It's not something that should be used to process firewood or for other heavy jobs. I could see it being very useful in maintaining fruit trees. I tried some large cuts, and was surprised by the speed. Much more power than the appearance would indicate. This is a great little saw for me. If you're only getting one saw, this one is probably too small. I will use it only when it is the sensible choice. It will see some use from the ground, when I maintain bushes. The light weight and top handle for one handed reaching, makes this a climbers saw. I will use it as I glide through the tree tops, in search of money. My tired shoulders will thank me.
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Dale Hodgins
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I didn't know about the Greenworks saw. The E-go is serving me well. By the time it wears out, I'm sure there will be more choices.

I currently have 2 cordless saws and the 20 volt Black and Decker on the way. I have the Stihl cordless pole saw (review soon) and the Greenworks corded pole saw.

My hedge cutters include the Stihl long reach which shares a battery and charger with the pole saw ($1600 for those two), the E-go hedge cutter and two lighter hedge trimmers.

I have the E-go blower and string trimmer.

The first item was purchased last July. The Stihl equipment, the Makita saw and the soon to arrive Black and Decker saw have been purchased in the last month.

I'm currently earning 90% of my income with these tools. My income has gone up. I'm healthier and less fatigued at the end of the day. I go home smelling of cedar, not gas. Over the fence sales are at an all time high. The $3000+ spent has been a great investment. I'm charging an average of $10 more per hour than I did a year ago. Even work that has nothing to do with these tools, is more expensive now. When I'm busy, I price everything higher. Demolition customers, hauling customers and others must now match what I can earn on tree work, or I'm not showing up. Getting a brand new tool kit was definitely the right choice.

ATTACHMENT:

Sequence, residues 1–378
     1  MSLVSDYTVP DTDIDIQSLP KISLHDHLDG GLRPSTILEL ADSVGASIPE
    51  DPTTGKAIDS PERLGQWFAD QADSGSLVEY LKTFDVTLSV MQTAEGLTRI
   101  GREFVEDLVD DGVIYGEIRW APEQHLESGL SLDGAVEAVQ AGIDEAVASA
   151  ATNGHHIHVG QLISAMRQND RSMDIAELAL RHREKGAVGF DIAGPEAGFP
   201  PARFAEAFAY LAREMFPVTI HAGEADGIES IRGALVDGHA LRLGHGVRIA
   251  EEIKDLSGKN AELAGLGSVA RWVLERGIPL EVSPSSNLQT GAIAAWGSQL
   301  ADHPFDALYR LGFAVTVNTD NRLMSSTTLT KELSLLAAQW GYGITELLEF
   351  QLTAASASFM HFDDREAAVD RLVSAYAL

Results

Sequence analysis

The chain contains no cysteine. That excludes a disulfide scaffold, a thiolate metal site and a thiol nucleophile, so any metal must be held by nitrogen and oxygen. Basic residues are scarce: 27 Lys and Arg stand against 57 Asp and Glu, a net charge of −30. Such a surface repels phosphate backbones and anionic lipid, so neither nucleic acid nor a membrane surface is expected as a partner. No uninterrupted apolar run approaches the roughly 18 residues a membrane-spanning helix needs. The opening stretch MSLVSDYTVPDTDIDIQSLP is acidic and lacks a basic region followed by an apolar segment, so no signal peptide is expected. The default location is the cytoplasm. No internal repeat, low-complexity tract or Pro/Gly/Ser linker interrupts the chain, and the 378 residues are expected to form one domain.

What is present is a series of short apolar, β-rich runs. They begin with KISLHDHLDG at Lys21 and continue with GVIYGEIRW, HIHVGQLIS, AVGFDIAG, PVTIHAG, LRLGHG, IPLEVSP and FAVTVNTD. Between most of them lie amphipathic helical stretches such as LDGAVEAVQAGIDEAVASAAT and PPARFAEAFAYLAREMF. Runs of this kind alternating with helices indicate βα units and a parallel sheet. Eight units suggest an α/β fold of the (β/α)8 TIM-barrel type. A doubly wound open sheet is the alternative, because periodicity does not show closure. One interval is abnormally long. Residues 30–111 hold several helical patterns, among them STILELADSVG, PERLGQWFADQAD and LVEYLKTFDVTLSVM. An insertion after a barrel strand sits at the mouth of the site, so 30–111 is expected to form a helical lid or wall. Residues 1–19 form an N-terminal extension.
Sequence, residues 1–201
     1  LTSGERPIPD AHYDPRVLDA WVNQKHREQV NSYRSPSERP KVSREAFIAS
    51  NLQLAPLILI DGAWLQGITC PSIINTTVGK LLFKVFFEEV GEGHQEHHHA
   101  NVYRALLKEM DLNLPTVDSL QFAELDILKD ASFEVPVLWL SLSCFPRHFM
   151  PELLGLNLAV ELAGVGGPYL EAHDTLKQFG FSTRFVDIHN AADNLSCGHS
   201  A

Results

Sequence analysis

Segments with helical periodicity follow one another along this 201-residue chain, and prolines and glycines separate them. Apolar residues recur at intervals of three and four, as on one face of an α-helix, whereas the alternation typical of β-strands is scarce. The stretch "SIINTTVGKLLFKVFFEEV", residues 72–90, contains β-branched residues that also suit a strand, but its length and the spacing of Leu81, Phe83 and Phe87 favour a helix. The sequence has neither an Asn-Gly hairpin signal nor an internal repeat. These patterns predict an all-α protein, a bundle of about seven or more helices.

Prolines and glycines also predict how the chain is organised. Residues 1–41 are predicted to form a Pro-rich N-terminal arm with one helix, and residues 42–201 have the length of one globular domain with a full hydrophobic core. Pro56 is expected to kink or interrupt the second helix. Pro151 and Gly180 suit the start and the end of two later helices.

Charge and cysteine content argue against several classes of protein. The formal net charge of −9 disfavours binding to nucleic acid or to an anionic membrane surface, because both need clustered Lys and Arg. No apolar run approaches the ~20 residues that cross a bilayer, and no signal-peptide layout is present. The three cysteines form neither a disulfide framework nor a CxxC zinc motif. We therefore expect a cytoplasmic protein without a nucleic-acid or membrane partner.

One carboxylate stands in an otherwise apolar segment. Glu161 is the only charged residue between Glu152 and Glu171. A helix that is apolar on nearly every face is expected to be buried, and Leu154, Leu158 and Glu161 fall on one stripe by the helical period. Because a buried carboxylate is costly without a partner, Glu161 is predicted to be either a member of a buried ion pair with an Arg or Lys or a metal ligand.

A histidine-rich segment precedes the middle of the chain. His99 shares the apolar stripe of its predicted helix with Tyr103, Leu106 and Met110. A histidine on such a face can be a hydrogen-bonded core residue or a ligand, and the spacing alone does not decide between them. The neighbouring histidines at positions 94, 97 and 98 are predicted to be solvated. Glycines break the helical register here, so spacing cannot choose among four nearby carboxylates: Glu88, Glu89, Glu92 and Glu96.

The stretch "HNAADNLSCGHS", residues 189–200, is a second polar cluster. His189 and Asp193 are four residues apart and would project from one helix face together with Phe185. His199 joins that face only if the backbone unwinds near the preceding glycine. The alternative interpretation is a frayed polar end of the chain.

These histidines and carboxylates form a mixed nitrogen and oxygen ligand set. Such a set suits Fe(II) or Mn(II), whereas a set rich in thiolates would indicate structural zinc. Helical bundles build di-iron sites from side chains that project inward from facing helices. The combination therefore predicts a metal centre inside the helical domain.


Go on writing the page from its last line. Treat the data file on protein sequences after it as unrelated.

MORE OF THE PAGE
Dale Hodgins
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This is the first tool employed when the fruit picking ladder is moved to a new position. I find it handy for anything within 4 feet of the ladder. I often use one hand to draw the brush away from the cut and the other for the saw. Binding is not an issue. With small stuff in the 2 inches diameter range, I cut 3/4 through and when it starts to bind, I send it in the right direction with a twist of the wrist. The cut is finished as the top falls to a desired location.

Sometimes, cut material lies just out of reach on a flattened hedge top. I reach out with the saw and give a brief trigger burst, in order to fling the material toward myself. Clogging hasn't been a problem.
 
Dale Hodgins
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I used it at the farm, to clear some small trees. This cut took two seconds.

The tree that fell on my old truck, took five seconds at the thickest point that I could reach.

The saw is very compact. It is kept in the cab, ready for use at all times. It's perfect for little things that come up. Yesterday, I cleared the view around a stop sign.
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Lee Daniels
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Thank you Dale (and other reviewers) for these tool reviews. Due to lack of others posting, it may seem like you're talking to yourself? Not true. We're listening, you just can't see us, or we have nothing useful to add.

I will be buying an EGO 56v chainsaw because of your other review.

Thanks again, Great pics and commentary!

- L. Daniels
 
Dale Hodgins
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Thanks Lee. I've made it my mission, to become the resident expert on cordless equipment. If I can compete as a commercial tree and hedge guy, I hope readers will see that it's all they need.

Consider getting the hedge cutter as well. Mine has become my primary mulching tool. I reduce bushy materials before loading the truck. Probably 20% of my use of this tool has been on hedges. The extra battery will make the chainsaw more useful.

I reduced a big bushy California lilac to two garbage cans of clippings and a little firewood.
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Dale Hodgins
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I really put a little saw to work today. I cut several hundred little branches ranging from pencil thickness to that of a pool cue.

 I also made about 20 cuts of branches  four to six inches thick.